Is fresh really best?

Ever felt guilty about stocking up on frozen vegetables, rather than buying the fresh alternatives? Well don’t! It’s a common misconception that ‘fresh is best’. After reading this, you might think differently…

It is widely recognised that fruit and vegetables play an important role in the body’s defence against heart disease and some cancers. They are a good source of fibre, minerals and vitamins, in particular antioxidants such as lycopene, beta-carotene (a form of Vitamin A) and Vitamin C. It is thought that the combined effect of these nutrients, along with fibre and water, provide fruit and vegetables with the ability to help promote long-term health and well-being. The recommended intake to facilitate this is a minimum of five portions per day.

The belief that frozen vegetables are less nutritious than fresh vegetables is not always true. As a result of modern harvesting and freezing techniques, frozen vegetables have been shown to have comparable, if not better, nutritional content over some fresh vegetables.

Freezing immediately after harvest acts to trap the nutrients and thus preserve the nutrient content of the vegetables while they are at their highest levels.

On the other hand, fresh vegetables must be stored and then transported to a supermarket. The length of time it takes fresh produce to reach the supermarket shelves has a profound effect on their nutrient content at the time of purchase. Most nutrients are quite resilient to light and changes in temperature.

However, it has been reported that within 7 days of harvest, the concentration of some vitamins has decreased by 50%, depending on storage techniques. Higher levels of Vitamin C have been found in cooked vegetables that were frozen immediately after harvest, compared to fresh vegetables that had been transported, stored and then cooked. Therefore, by reducing the time between harvesting and cooking Vitamin C levels are maximised.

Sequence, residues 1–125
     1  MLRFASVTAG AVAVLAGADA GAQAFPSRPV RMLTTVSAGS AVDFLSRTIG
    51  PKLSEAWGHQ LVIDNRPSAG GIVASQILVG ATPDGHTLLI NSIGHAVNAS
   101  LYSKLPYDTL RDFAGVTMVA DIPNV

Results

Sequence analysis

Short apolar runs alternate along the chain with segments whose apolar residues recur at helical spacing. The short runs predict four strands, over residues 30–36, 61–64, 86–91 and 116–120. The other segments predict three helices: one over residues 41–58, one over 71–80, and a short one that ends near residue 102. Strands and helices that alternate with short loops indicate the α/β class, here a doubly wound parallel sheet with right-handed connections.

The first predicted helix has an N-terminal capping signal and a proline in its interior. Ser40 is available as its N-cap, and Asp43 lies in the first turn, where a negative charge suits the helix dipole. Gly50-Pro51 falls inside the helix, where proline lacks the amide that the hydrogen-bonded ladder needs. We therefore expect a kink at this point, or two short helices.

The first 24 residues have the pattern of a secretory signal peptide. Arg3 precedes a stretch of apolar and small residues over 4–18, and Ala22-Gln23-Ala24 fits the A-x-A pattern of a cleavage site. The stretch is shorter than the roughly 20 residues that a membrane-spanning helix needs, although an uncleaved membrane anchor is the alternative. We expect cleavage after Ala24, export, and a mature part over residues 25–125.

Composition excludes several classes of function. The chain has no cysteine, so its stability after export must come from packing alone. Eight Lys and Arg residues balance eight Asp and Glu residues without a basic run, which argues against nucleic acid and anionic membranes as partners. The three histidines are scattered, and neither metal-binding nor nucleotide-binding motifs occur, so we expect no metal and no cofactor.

The packaging of frozen vegetables also provides protection for the beta-carotene and other light-sensitive nutrients from the damage caused by exposure to light.

When you are buying fresh fruit and vegetables, only buy what you would expect to use over the next three days. Think about how many times you had to throw out spoiled fruit and vegetables because you never got around to eating them (we all have great intentions, myself included!).

So unless you grow your own vegetables or buy them from a local farmer who promises that they are straight out from the fields, don’t feel like you are cheating when reaching for the frozen kind. You are in fact helping yourself in the most efficient way to fight against disease!

In the hectic world we all live in today, frozen vegetables are the convenient, easy, quick and a healthy, if not better alternative to fresh vegetables.

And don’t forget, besides the nutritional value a packet of frozen peas is a useful addition to every households’ first aid kit!!

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Thanks to tescodiets.com who have provided this article.